'Self-Indulgence' versus 'Altruism': Two Notions of Female Empowerment as a Determinant of Reproductive Health

Alaka Malwade Basu, Cornell University
Gayatri Brij Koolwal, Cornell University

The growing literature on 'female empowerment' and reproductive health continues to grapple with the meanings of words like autonomy and empowerment. Measures like the ability to take child health-care decisions and have a voice in household expenditures are useful empirically but do not all automatically imply empowerment. This paper tries to distinguish between empowerment which is instrumental and put to the service of better child outcomes, and that which is 'self-indulgent' in that it helps women to invest in themselves for their own sakes, not because this makes them better wives and mothers. The former is non-contested and comes from factors such as education and employment; the later has to be looked for in measures of the ability to be unproductively free. Indian NFHS data are used to illustrate how these conceptions of empowerment have differing implications for reproductive health.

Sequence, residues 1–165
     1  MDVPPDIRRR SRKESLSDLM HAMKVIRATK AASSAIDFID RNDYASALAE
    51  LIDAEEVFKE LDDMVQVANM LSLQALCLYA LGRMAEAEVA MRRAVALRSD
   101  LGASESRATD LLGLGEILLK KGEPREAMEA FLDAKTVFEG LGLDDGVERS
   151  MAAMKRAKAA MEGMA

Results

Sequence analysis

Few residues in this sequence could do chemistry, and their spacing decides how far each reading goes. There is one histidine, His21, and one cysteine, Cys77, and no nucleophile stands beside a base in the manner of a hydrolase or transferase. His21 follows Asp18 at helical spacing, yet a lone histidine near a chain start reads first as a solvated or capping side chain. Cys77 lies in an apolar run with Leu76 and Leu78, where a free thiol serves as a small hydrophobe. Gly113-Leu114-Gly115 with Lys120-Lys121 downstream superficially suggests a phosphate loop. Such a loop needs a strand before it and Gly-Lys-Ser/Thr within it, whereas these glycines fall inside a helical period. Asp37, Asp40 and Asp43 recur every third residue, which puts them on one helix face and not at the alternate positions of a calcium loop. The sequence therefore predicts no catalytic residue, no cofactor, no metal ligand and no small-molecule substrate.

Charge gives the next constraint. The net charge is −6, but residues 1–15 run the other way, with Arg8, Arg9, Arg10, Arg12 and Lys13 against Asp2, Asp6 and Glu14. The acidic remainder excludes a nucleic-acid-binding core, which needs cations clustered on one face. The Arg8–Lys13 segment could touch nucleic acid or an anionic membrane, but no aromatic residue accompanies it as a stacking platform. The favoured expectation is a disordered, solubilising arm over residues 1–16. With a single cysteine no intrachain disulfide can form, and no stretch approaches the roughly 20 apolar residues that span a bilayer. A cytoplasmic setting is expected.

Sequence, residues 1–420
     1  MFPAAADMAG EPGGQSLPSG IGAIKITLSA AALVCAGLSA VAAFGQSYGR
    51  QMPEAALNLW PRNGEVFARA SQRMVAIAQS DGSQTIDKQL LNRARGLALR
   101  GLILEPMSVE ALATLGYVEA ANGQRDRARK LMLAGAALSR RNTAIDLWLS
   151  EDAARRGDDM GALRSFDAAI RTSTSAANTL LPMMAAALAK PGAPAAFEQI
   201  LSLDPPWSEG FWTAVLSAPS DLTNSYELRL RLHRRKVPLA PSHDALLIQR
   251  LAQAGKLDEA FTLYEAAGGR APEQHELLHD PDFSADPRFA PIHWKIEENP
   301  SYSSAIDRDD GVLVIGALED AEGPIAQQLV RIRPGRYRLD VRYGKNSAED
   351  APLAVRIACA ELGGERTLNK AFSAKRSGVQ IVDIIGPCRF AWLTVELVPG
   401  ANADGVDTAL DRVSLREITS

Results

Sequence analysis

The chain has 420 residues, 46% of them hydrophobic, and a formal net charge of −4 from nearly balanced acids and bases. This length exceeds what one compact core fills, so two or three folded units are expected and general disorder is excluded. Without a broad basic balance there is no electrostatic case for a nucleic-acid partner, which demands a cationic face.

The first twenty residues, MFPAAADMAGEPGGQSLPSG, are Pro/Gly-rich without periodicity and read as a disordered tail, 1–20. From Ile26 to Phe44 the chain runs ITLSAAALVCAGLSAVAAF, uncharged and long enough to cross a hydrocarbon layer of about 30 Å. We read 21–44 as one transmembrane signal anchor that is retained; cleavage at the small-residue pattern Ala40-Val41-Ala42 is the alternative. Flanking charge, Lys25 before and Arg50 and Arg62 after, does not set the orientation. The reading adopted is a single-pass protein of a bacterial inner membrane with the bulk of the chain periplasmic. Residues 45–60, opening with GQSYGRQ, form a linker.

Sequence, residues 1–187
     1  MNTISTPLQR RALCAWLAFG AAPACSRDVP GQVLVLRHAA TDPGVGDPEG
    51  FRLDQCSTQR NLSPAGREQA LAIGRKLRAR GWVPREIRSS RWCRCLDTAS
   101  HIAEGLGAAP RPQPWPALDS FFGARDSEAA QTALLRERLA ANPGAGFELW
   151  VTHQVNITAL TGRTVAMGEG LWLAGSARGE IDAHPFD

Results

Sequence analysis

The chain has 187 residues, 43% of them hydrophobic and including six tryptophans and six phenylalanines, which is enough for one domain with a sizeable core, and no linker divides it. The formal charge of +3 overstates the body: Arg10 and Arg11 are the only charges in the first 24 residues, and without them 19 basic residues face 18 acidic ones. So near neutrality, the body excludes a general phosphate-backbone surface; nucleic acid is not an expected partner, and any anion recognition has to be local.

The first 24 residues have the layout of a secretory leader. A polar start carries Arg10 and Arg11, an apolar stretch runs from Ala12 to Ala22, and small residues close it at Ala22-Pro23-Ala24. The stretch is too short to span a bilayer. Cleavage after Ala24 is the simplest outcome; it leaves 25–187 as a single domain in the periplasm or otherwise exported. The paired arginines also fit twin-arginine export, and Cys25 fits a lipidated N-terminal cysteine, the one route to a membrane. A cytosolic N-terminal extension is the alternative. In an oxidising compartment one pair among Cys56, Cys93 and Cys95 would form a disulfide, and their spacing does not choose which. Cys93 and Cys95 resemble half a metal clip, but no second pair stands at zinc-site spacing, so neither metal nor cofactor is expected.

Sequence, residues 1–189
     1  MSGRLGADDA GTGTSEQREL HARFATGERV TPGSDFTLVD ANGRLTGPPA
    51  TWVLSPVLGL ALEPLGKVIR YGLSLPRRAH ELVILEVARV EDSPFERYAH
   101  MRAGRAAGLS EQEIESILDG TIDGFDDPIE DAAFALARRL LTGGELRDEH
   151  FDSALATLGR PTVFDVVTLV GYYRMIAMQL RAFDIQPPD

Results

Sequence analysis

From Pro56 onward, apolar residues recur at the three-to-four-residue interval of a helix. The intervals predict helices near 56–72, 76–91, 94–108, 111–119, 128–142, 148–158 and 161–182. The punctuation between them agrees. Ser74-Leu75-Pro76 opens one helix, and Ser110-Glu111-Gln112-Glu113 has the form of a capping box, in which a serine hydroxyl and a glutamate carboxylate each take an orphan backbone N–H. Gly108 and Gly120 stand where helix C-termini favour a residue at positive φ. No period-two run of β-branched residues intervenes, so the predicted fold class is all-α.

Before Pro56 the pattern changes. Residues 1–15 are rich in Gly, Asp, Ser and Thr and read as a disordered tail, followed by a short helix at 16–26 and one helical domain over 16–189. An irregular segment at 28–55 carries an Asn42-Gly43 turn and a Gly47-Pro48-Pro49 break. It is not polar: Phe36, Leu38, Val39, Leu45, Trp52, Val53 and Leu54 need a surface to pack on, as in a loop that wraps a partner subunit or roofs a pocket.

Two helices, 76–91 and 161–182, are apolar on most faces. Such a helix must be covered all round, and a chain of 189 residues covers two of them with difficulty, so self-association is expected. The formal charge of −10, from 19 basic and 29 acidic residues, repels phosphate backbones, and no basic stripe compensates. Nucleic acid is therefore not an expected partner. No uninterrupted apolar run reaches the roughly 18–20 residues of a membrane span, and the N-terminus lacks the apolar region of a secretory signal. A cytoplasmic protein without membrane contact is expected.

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Presented in Session 166: Gender and Demographic Processes